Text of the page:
“It gets cold, but the bite can be pure madness,” I said to a buddy when explaining my logic behind chasing open water northern pike early in the spring.
March is notorious for being an in-between time for anglers up north. Most guys either grind it out for panfish on dwindling ice or patiently wait for open water while keeping themselves busy by organizing gear, prepping the boat, or rigging tackle.
Unlike most lakes, which have a closed pike season until May, select rivers in the upper midwest allow for year-round pike fishing. Exploring these systems in March is an easy way to stick a monster pike lurking in the shallows before the spawn, and we have just the guy to help you do it.
Pinkalla, The Pike Prodigy
Ryan Pinkalla is a pike-crazed angler eager to start cranking on big, bodacious, backwater northern pike this spring, and he’s got a few tips to help you do the same. In addition to his Esox adventures, Ryan is routinely featured on the Crappie Chronicles; a YouTube series focused on chasing giant crappie around the Minneapolis metro region.
Here’s Ryan Pinkalla’s 3 go-to lures for chasing pre-spawn pike
1. #6 Blue Fox Vibrax with a 4″ grub.
This is the go-to for covering those shallow spawning flats. You can throw it a mile and the blade has enough lift to easily fish it under 3 ft of water. This is a straight-up reaction bait and the bite is usually from behind, so be prepared to have slack knocked in the line. It comes with an optional single hook which is ideal when it comes to unhooking because they tend to eat this thing super deep.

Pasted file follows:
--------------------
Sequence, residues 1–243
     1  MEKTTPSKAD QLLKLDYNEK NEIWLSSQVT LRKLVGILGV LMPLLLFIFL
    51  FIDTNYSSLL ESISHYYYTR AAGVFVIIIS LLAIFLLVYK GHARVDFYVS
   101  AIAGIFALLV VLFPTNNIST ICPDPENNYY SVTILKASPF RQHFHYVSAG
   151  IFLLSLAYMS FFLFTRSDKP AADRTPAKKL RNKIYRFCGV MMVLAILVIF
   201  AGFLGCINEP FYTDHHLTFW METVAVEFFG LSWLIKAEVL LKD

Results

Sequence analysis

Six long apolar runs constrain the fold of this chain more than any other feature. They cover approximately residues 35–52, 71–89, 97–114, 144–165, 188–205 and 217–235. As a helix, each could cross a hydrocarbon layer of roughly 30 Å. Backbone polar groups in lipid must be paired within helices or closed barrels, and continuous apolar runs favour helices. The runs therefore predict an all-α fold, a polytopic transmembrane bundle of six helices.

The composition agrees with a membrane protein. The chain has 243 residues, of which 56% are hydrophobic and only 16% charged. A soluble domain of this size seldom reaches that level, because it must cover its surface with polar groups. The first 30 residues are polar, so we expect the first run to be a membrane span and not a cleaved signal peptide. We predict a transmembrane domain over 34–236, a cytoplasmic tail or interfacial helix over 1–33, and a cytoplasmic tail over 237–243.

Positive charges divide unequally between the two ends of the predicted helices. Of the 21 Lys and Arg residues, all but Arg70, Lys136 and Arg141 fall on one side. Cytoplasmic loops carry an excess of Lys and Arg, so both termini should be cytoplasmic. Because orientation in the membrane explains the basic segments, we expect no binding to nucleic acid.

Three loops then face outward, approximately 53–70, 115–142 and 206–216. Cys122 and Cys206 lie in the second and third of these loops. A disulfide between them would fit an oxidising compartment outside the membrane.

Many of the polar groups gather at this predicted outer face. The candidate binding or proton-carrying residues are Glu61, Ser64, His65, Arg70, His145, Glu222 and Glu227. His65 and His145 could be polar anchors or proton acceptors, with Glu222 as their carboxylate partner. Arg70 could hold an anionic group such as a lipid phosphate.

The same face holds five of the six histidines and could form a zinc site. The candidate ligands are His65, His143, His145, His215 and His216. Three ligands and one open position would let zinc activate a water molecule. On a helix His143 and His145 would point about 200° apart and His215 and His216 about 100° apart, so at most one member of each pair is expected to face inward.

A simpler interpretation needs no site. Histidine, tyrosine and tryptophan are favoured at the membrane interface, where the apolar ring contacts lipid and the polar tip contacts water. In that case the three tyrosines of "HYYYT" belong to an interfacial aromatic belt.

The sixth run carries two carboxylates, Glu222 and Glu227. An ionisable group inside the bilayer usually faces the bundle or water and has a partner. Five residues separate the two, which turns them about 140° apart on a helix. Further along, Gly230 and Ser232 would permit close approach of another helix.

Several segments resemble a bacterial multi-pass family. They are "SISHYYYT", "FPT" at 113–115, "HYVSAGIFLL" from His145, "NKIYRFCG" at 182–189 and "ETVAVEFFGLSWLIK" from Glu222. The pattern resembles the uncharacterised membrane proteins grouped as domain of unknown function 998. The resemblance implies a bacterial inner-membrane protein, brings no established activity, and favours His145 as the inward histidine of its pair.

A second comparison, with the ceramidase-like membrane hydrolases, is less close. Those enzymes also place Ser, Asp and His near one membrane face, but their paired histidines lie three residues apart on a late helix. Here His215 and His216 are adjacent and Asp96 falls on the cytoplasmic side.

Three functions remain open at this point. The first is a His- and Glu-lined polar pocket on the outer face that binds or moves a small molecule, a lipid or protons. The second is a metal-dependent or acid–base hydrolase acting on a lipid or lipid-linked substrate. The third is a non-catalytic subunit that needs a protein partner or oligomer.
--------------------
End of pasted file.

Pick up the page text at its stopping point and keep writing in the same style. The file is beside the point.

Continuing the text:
2. 1/4 oz Swim Jig paired with a 4-5″ swimbait trailer
Throw any color as long as it’s white. If I’m getting a lot of followers or fish seem less aggressive, this is a good change up. The light weight head allows you to fish it slow yet keep it up in the water column. If I’m sight fishing I can easily hop it along the bottom right in front of a pike’s face. The weed guard helps for fishing tight around laydowns or stumps.
3. Size 14 husky jerk
A pull-pause type of retrieve is the back up plan if the fish don’t seem to be chasing. I like a metallic finish, it looks just like a dying shad kicking around. This doesn’t need to be a very snappy retrieve, just slow steady pulls and the bait will just hang there on the pause. This will run about 5ft and is really perfect for the first break or ditch off the spawning flat.
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